annuities, insurance policies and other investment vehicles. In those situations, the CPA can step in and ask the questions needed to assess the products.
The CPA might ask the seller of the annuity, “How exactly does this work? What are the benefits and costs? What is your commission?” (See
sidebar, “Questions CPAs Can Ask,” below.) The CPA also can evaluate the credibility of the product and of the person pushing it.
CPAs benefit from asking questions of reputable professionals in the many PFP disciplines. Knowledge gained from regular interactions with these
professionals tends to bring new sophistication to a CPA firm. That, in turn, attracts a higher level of new clients.
There is little capital outlay
in providing these services—other than for marketing, modifying client engagement letters and providing related legal advice—and an elaborate
business plan should not be necessary. Most seasoned CPA practitioners already possess the foundational experience and expertise to start helping clients
with wealth management teams, but that doesn’t mean that CPAs mulling such a move don’t have much to learn and
ENHANCED SKILLS REQUIRED
Before CPAs can assist in developing a wealth management
team, they need to understand the following:
The roles played by wealth management team members.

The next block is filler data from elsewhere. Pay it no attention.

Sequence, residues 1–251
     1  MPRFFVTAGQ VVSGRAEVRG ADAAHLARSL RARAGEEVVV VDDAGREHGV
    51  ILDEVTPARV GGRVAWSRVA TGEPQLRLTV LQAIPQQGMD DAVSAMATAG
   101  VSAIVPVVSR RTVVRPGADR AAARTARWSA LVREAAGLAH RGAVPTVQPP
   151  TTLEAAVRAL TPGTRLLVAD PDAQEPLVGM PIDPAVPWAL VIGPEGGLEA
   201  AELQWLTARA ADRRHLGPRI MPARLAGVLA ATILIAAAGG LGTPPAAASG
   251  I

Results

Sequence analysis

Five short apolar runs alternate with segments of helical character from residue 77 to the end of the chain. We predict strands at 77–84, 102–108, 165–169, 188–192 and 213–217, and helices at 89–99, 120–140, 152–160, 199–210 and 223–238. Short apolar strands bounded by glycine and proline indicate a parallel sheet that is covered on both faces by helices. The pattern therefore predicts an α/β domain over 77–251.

Key to putting together the right team is gaining a general understanding of what each PFP professional does and the kinds of problems that each can solve.
Exhibit 1 lists these professionals
and the services they provide and also lists related services that CPAs can offer. CPAs can charge for these tasks individually or in
The understanding of each professional’s role and strengths is essential to knowing which questions to ask when
assessing a professional’s qualifications, managing clients’ expectations about what a competent professional in each area should be able to
accomplish for them, and properly leveraging the perspectives of multiple specialists. This process often leads to creative solutions to client problems
that individual team members might not reach on their own.
Sources of CPE and other educational and regular reference
materials. CPAs who want to help clients with wealth management teams need to possess or acquire a solid understanding of
investment theory, types of insurance products, risk management and behavioral studies. For example, CPAs not licensed to provide investment
recommendations don’t need to be investment experts, but they do need to know enough to help the client assess an investment adviser’s
credentials or recommendations. Resources such as the AICPA’s Personal Financial Planning Section and PFS curriculum can help CPAs find CPE courses
and other learning materials on these and other crucial subjects. In addition to CPE and reading about PFP topics, CPAs can gain valuable insights through
networking with wealth management professionals and connecting with fellow CPAs, possibly through the AICPA’s PFP Section and state CPA
The potential applicability of CPA professional standards and regulations, and how to effectively minimize